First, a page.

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Over 60 electric kit cars are set to be raced around Hull’s KCOM Stadium this summer as part of an exciting education project, which has received funding from Green Port Hull. The race has been moved by organisers from the city centre to the stadium, due to unprecedented interest in attending the event from members of the public.

Karl Watson, 17, Danielle Firth, 19, Caroline Lancaster, 16, tutor Glenn Jensen, Louis Horsfall, 17 and Vaughan Curnow.

The Project Blyth race, which sees teams of young people compete in cars they’ve built, will now take place on Sunday 16th July 2017 at the venue in Hull’s West Park. Sixty-two cars will now be raced around a circuit that covers the perimeter of the stadium and the adjoining car parks, where a Science, Technology, Engineering & Mathematics (STEM) Fair will also take place.

The event will see 33 teams, plus family, friends and supporters, from across the Humber region. The move to the KCOM Stadium by Project Blyth organisers is to ensure everyone who wants to attend can, and to keep both drivers and spectators safe.

The cars have been supplied to primary schools, secondary schools, colleges and community groups by Greenpower Education Trust, a charity that inspires young people to think about engineering as a career. The hands-on project captures the excitement of motorsport to inspire young people, from primary school through to university, to excel in STEM subjects, helping to address the serious shortage of engineers faced by UK industry.

The Humber project is supported by major employers within the region including Siemens and the University of Hull, with 60 local firms already committed to supporting teams.

Vaughan Curnow, Project Coordinator at Greenpower Education Trust, commented:

“The uptake has exceeded our expectations. We have more than 600 people taking part, all of which want to bring along family and friends to cheer them on, plus all of the mentor companies who want to see the results of the support they’ve given. Although our original city centre circuit would have been a great location, some people would have missed out on being able to see their loved ones taking part, which is really important.

“We are delighted with the new venue and it will give us the space we need to race cars and hold a STEM Fair, where people can find out more about careers and training in these sectors. Being at the home of two of the city’s sports teams will also inspire young people to achieve their dreams and we cannot wait for this summer’s race event.”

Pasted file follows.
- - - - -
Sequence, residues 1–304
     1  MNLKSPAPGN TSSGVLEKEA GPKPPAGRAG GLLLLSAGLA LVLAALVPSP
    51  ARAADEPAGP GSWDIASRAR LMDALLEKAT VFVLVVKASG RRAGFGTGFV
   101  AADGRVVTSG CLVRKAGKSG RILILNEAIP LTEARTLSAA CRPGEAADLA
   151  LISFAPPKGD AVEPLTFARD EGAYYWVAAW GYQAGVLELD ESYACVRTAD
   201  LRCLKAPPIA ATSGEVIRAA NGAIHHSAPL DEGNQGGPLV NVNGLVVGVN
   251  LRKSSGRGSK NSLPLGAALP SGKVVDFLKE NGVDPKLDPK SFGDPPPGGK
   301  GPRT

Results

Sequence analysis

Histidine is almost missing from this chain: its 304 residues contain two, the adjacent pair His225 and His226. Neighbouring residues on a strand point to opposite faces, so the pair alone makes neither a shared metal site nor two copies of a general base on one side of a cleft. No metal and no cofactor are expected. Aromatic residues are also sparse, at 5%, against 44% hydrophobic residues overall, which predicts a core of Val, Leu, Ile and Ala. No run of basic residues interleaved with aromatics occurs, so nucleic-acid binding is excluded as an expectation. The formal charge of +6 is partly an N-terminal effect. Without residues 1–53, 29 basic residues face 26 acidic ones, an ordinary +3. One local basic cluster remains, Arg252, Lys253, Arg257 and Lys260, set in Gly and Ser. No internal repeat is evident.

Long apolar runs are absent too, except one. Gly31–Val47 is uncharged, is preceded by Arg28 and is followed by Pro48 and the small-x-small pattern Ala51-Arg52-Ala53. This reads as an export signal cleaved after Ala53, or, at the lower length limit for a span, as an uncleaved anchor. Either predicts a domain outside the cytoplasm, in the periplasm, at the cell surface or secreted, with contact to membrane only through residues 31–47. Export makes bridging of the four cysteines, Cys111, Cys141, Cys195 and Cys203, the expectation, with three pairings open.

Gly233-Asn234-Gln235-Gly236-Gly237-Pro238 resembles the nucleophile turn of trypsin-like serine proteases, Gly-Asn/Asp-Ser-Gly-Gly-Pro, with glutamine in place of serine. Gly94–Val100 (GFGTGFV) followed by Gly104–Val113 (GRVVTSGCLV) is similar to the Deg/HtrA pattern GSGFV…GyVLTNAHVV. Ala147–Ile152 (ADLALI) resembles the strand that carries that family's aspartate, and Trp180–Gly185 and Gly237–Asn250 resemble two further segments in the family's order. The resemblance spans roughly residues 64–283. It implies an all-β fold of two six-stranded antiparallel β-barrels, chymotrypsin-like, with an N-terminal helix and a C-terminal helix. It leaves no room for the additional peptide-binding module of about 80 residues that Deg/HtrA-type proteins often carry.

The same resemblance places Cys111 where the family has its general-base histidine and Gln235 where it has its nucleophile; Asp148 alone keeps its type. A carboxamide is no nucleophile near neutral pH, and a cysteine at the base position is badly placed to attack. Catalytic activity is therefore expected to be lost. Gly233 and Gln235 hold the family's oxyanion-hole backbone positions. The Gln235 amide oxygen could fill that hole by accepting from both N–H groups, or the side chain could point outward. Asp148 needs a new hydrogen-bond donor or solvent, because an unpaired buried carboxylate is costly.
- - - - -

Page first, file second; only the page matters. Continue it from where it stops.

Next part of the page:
Leader of Hull City Council, Councillor Stephen Brady said:

“Helping our future workforce gain the skills they need to have a long and successful career in their chosen industry is a high priority for us. Project Blyth does just that, by giving young people thinking about a career in engineering the practical experience they need. It’s a fantastic initiative and it’s good to hear organisers are expecting a great turnout on the day.

“We would like to thank the schools, young people, parents and the local businesses for supporting this exciting initiative.”

Project Blyth has been awarded funding from Green Port Hull, which is supported by the Regional Growth Fund, to support 10 Formula 20+ cars, enhance business engagement with schools and colleges and facilitate the race event.

Tim Rix, Chair of the Green Port Growth Programme, added:

“We are pleased to be supporting Project Blyth and delighted to hear that the event is proving so popular. With the ongoing investment in renewable energy, manufacturing and engineering in our region, we need to make sure young people are equipped with the STEM skills to move into these new industries that will play a large role in the future of our economy.”

The race is split up into Formula Goblin for primary school children, F24 for 11-16 year olds and F24 plus for 17-25-year-olds. The three best teams will then go into the national finals held at Rockingham in Northants.

The cars driven by primary school children reach 15mph, while those for 11 years or older reach 25-30mph. Older participants can scratch-build cars, which means they can design the chassis more aerodynamically which could increase the car’s speed to 55mph.

For more information on Project Blyth, visit www.projectblyth.co.uk